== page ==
Washington, D.C. — A new analysis from the Center for American Progress finds that the South fared worse than the Northeast, Midwest, and West after COVID-19 lockdowns ended.
The analysis looks at data from the U.S. Census Bureau’s Household Pulse Data Survey and finds that the South, which is composed of many state governments that implemented short stay-at-home orders, saw relatively bad outcomes on each of the four concurrent indicators measured by the survey (lost jobs, insufficient food, and current mortgage and rent troubles). The South also performed worse on each of the future indicators measured by the survey (expected job loss and expected mortgage or rent troubles).
This analysis follows up on a July Center for American progress piece, which showed that states with strict stay-at-home orders did not experience worse economic outcomes than those with long stay-at-home orders and, in some cases, they perform better economically.
“Our analysis indicates that it is not lockdowns that are hurting the economy—it is the collapsed consumer demand from both the uncontrolled public health crisis and the lack of a coherent policy to address it,” said Ryan Zamarripa, associate director of economic policy at CAP and a co-author of the report. “It’s clear there is no economic recovery without first getting the public health crisis under control. What’s more, the regional variations in economic recovery show that only a national strategy to combat COVID-19 can ensure a full economic recovery.”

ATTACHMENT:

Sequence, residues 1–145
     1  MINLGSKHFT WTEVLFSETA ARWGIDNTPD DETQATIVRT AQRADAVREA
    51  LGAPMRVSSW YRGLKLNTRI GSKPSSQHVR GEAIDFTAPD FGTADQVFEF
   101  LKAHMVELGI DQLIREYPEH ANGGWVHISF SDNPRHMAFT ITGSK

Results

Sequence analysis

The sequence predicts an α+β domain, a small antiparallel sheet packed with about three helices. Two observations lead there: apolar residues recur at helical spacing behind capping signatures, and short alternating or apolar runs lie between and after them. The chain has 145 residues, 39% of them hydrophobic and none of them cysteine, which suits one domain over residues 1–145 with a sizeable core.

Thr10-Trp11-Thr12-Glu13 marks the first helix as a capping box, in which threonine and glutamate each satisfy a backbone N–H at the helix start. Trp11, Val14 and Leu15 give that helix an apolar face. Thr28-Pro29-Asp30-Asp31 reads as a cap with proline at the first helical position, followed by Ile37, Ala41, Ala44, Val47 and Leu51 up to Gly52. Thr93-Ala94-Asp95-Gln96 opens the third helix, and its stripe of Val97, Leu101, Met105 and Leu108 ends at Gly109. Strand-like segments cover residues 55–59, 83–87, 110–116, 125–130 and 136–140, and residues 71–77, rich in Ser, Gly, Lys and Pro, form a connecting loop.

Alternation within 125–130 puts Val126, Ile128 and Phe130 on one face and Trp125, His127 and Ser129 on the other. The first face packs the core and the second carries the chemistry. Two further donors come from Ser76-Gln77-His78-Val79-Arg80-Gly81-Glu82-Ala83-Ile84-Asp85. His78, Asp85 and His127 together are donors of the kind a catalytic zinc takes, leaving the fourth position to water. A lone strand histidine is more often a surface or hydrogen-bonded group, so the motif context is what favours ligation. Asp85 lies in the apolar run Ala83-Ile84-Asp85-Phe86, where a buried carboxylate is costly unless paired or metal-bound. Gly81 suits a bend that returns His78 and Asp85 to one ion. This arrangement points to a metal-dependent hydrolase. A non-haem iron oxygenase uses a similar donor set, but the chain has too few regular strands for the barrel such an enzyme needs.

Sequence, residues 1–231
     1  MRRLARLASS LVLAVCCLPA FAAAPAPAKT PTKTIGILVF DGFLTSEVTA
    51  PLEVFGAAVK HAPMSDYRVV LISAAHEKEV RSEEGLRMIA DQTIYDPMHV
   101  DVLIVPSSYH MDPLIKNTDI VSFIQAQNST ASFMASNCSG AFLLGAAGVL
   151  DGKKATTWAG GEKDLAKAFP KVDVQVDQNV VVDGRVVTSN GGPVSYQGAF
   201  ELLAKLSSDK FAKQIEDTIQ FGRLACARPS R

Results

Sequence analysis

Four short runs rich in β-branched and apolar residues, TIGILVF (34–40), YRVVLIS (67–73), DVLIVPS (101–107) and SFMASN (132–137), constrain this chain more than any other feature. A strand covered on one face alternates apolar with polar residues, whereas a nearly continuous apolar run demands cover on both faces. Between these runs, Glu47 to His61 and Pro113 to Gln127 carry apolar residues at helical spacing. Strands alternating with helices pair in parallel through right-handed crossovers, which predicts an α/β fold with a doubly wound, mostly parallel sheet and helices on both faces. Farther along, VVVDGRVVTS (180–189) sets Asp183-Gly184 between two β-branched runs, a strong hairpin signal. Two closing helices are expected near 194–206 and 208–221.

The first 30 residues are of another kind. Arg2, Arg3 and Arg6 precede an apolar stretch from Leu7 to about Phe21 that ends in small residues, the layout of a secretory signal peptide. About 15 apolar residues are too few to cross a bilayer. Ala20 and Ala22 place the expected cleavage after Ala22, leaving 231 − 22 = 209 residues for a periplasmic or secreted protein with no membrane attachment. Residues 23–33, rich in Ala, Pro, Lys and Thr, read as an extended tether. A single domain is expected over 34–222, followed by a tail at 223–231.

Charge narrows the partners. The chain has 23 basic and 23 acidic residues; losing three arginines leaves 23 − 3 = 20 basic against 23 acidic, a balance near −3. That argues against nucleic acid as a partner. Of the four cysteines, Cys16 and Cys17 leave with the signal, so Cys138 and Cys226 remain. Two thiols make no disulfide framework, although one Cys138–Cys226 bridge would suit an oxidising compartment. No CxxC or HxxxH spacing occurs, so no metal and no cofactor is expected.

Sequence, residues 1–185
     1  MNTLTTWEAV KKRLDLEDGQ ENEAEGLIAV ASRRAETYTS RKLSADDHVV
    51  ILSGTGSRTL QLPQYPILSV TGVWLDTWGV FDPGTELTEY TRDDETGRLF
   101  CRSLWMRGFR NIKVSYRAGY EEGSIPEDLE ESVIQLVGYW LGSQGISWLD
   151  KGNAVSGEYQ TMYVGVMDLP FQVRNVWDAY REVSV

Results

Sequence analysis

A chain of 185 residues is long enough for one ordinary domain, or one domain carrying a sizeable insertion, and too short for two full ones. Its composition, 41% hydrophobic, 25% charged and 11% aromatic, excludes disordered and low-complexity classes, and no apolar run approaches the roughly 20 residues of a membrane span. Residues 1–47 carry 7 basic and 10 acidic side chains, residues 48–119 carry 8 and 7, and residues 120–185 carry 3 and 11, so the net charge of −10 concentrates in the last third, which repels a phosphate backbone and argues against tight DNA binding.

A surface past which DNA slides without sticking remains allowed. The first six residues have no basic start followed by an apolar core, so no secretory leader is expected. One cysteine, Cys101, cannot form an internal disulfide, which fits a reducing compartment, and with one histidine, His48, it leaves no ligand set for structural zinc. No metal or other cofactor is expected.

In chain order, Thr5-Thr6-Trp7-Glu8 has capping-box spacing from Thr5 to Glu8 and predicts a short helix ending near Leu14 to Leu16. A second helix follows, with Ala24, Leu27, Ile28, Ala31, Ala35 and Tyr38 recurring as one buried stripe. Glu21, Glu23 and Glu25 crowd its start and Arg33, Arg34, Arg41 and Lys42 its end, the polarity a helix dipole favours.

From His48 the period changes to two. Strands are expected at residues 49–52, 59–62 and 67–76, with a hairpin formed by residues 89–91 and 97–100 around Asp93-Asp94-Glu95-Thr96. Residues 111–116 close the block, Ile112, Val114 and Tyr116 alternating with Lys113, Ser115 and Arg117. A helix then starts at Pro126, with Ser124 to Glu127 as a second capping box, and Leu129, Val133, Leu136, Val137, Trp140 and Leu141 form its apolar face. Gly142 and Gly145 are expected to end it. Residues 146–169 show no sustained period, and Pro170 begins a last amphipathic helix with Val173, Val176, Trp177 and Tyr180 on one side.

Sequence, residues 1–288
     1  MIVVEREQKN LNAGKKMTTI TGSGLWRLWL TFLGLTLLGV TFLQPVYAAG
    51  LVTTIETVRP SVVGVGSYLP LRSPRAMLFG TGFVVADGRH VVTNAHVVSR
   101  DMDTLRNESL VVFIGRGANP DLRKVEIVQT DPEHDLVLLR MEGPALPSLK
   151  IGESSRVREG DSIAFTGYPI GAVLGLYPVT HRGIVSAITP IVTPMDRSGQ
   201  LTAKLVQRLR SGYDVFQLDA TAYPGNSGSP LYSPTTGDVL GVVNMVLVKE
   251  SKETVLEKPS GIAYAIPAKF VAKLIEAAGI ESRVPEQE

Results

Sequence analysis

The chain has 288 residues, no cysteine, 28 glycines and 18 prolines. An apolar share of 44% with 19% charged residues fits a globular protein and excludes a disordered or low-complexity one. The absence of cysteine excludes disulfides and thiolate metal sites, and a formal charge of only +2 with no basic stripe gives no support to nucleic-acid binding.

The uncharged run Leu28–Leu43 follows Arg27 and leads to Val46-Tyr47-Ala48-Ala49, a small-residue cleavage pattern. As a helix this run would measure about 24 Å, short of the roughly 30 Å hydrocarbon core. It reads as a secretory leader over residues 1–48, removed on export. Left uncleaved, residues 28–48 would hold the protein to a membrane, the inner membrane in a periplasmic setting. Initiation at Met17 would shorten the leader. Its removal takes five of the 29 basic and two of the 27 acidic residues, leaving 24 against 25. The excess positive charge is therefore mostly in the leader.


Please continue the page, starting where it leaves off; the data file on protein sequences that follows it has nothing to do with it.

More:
Read: “Only a National Strategy To Combat COVID-19 Can Ensure a Full Economic Recovery” by Ryan Zamarripa and Christian Weller
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